Date of Award

2018

Degree Type

Thesis

Degree Name

Master of Arts (MA)

Department

Psychology

Abstract

Emerging adulthood is a developmental stage involving many changes and transitions (Arnett, 2004). The instability during this time can cause significant distress, making this a period of increased vulnerability for the development of mental illness (Kessler et al., 2007). The rise in the incidence of mental illness on college campuses has caused an increased demand for mental health services (Kadison & Digeronimo, 2004). Unfortunately, college students face many barriers to treatment, including self-stigma (Eisenberg, et al. 2009). Honest, Open, Proud for college students (HOP-C) is a peer-led group-based intervention designed to reduce self- stigma in college students living with mental illness. Using a serial mediation model, the present study investigated outcomes and mechanisms of the HOP-C intervention using data from a multi-site study across three college campuses. Results indicate that HOP-C does not reduce symptoms of depression or anxiety and does not increase institutional attachment to one's college or university. However, mediation analyses reveal that higher satisfaction with college peers predicts stronger institutional attachment, and stronger institutional attachment predicts fewer depression symptoms. Clinical and policy implications of these results, as well as future directions for research on the HOP-C intervention, are discussed.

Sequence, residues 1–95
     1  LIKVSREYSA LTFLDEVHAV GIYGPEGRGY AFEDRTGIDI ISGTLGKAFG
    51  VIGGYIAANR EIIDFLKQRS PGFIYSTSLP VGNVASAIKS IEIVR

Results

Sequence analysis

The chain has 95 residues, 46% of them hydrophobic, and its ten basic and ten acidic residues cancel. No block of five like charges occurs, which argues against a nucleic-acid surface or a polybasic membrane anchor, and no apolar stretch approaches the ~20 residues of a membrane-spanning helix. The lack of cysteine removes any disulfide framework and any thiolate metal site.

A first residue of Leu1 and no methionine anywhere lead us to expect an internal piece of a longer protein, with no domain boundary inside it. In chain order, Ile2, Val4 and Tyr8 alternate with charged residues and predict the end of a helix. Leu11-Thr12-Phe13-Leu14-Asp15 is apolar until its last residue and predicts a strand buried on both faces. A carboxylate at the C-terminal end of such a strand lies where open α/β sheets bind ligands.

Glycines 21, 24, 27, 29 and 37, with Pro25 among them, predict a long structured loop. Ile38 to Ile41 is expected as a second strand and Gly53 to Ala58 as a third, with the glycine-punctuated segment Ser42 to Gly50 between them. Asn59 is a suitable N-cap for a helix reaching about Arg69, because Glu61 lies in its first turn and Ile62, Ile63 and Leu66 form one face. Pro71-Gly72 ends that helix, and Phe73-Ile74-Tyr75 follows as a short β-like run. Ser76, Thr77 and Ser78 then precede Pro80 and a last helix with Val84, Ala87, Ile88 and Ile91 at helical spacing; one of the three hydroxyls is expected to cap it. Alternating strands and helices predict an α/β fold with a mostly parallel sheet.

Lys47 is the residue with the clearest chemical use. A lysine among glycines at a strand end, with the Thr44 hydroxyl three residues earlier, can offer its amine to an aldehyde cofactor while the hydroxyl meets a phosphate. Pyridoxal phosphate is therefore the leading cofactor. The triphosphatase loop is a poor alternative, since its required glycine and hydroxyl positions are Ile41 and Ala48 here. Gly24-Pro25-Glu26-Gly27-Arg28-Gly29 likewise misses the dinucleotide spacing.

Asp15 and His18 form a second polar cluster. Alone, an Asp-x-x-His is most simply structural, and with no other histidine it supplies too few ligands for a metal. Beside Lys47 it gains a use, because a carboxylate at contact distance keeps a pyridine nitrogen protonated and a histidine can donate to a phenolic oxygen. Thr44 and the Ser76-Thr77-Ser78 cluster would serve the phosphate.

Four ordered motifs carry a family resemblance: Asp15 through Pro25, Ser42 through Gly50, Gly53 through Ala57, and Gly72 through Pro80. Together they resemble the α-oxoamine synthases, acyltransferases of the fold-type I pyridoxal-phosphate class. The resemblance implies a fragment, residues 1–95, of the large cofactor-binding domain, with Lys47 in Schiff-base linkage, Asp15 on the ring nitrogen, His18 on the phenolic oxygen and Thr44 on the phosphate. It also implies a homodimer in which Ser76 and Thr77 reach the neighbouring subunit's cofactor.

Creative Commons License

Creative Commons License
This work is licensed under a Creative Commons Attribution-Noncommercial-No Derivative Works 3.0 License.

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